10 comments:

Ron Washam, HMW said...

Paul,

Let's make this clear. I think you deserve the nomination even though I think the awards, the Fourth Annual Poodles, are bogus. I don't hang around here because you can't write--I could go to WineHarlots for that. I suggested on my blog that you withdraw from consideration, they're only using you and Heimoff, professional writers whose participation make the Poodles look good (it will do NOTHING for you--ask previous winners), and that's exactly what I would do if I'd been nominated.

God forbid I'm around next year to be nominated.

But, sincerely, my friend, Good Luck! I hope you win. If that's what you want. It's more of an honor to be banned from the James Beard Awards! That's fantastic! I am incredibly jealous of that accomplishment.

PaulG said...

Thanks Ron, you are too kind! When do I get my lashing?

Ron Washam, HMW said...

Oh, I'm about due for a blogger parody. You're not volunteering, are you?

PaulG said...

Not volunteering, just worried...

Mark said...

You didn't even insult PA, which is a real insult. I guess the nominators (whoever they are) think folks on the east coast can write.

Dave E said...

I'm a small retailer, and although I am looking out for my self-interest, I'm concerned about the effects of I-1100 for consumers as well. Granted, the prices of liquor and volume brands of beer and wine will probably go down. But, if spirits are privatized, and price controls are removed, expect to see the Liquor Barns and the BevMo's of the world move in. Neighborhood wine and beer shops won't be able to compete and will decline and dissapear. The Constellations and Southerns will take over the distribution side, while small importers and distributors will be unable to compete in that space. Small wineries won't be able to get the attention of the huge retailers or distributors, so they will find themselves in a much tinier niche market than they have now, and many will fail. Volume brands will take over more of the market, and overall selection will decrease. As it looks quite likely that I-1100 will pass, it sounds to me like very dire times right now for the Washington wine aficonado.

PaulG said...

Dave E - you raise valid points. I would note that many of the Big Box type outlets have limited selections. Small, neighborhood wine shops already have to compete on things other than price – selection (new wineries, limited production wines, other types of specialization), location (neighborhood); education, special events (tastings, book signings, etc.) as well as simply on personality and a hands-on approach. I think that will continue to be true. No retailer, no matter how big, is going to carry more than a fraction of what's actually out there.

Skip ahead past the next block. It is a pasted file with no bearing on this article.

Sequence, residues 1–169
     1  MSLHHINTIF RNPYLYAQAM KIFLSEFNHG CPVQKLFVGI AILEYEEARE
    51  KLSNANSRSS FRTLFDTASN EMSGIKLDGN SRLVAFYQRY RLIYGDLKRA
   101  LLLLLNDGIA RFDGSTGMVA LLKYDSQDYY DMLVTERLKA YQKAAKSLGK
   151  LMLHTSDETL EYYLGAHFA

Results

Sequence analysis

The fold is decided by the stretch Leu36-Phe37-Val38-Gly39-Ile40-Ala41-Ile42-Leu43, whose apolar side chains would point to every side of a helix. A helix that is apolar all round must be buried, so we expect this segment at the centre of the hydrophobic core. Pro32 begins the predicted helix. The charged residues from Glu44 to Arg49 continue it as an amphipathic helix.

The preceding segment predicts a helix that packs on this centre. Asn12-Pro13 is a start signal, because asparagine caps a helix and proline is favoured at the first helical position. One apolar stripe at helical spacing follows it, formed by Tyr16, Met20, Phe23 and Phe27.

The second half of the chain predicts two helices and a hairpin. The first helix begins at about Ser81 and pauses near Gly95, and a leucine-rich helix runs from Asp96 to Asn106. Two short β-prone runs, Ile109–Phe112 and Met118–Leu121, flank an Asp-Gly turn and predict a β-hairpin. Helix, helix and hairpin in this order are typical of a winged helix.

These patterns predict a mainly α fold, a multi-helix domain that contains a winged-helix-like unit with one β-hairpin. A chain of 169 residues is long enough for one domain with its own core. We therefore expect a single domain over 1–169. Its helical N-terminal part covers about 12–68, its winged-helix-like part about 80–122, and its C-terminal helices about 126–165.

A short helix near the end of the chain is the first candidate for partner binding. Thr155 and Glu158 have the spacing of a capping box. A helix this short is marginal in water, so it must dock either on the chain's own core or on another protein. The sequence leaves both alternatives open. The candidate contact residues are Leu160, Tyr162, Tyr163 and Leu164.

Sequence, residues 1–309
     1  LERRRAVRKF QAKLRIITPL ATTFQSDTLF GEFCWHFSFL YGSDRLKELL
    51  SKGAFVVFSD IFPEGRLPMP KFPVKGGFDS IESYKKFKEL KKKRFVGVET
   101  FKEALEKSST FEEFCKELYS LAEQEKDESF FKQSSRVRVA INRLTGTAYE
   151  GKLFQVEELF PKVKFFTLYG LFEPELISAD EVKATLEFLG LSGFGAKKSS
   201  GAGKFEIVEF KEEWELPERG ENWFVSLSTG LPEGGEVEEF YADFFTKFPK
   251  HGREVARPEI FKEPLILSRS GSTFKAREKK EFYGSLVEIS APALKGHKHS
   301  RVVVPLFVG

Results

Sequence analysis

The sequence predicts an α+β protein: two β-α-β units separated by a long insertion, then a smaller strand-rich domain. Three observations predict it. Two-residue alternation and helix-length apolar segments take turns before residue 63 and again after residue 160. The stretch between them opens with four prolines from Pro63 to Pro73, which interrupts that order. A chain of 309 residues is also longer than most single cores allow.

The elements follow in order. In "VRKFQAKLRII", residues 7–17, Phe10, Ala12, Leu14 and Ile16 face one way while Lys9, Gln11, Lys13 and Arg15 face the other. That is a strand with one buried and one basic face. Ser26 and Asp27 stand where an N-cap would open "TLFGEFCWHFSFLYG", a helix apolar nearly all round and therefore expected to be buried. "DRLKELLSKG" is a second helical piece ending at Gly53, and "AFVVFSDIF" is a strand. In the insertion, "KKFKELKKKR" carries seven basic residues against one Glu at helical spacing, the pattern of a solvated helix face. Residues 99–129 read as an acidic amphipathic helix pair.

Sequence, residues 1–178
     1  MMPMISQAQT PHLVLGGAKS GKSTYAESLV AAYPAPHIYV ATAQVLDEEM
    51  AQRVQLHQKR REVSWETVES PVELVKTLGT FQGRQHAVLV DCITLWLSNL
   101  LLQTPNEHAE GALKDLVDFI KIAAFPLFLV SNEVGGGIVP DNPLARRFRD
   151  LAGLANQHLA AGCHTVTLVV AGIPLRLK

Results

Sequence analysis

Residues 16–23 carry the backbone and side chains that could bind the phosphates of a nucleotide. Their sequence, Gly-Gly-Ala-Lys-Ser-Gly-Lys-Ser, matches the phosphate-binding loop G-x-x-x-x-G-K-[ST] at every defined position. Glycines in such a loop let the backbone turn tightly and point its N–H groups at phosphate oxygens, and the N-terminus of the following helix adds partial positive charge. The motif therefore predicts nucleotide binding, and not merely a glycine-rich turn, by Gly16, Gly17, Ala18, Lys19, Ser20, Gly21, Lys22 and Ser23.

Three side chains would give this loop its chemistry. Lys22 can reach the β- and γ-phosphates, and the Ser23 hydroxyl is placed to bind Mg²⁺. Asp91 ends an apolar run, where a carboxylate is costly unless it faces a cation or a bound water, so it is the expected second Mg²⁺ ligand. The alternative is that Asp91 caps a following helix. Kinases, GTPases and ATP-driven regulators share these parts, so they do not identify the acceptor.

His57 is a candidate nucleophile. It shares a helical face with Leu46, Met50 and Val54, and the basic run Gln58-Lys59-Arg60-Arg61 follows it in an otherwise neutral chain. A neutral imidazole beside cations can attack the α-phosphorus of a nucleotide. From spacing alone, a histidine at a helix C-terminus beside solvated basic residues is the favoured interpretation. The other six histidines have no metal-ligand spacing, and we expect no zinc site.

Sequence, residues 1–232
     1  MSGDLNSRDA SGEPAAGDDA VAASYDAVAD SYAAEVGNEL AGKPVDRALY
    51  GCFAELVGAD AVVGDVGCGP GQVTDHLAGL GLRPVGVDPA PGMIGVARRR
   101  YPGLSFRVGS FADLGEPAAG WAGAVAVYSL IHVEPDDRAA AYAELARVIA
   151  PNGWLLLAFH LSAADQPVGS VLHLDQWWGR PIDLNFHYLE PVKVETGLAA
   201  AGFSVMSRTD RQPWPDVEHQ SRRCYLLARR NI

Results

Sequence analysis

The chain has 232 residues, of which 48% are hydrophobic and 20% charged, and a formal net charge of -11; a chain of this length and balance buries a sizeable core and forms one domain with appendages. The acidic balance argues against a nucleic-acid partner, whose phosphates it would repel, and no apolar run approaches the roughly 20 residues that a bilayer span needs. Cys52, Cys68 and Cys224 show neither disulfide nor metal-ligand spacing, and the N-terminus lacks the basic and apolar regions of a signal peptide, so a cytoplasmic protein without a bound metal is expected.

1WineDude said...

Banned from the JB awards? Do tell!

PaulG said...

Well, "banned" may be a bit hyperbolic. It's a self-imposed ban, based upon a number of semi-personal gripes. Fodder for another day.

Dave E said...

Paul, you're right that as a neighborhood wine shop, the hand-selection, education, personality and advice I offer is my competitive niche, but I need all that (plus the fact that I use a lower margin) just to get people out of the more convenient grocery stores in the area. Believe me, all of the advantages I can offer pale in the face of price. If I lose the ability to competitively price my wines, I will lose the majority of my customer base, no doubt about it.

I'm lucky - my shop is in the inner city, where the big box stores will probably not gravitate to. Many of my customers will want to support their neighborhood business, and in fact, plenty of them don't even own cars, so driving out to the suburbs to get a deal won't be very practical for them. Even with that though, I expect I'll have to adapt to survive - we'll have to get bigger and/or act bigger, in order to hold the line on pricing with our local competition. That will most certainly come at the cost of selection, and it will be the small wineries and the high-end wines that will have to go.

For the wine shops in the suburbs and smaller towns, I don't see much chance of many of them surviving at all. Price (and the percieved selection of a big store) will be the thing that wins for a very mobile customer base.

Without the retail channel, I just don't see the small Washington winery scene thriving, or even holding ground. I already see lots of signs of stress, both among distributors and small wineries. I-1100 will take a lot of them right over the cliff, and the consumer will lose for it.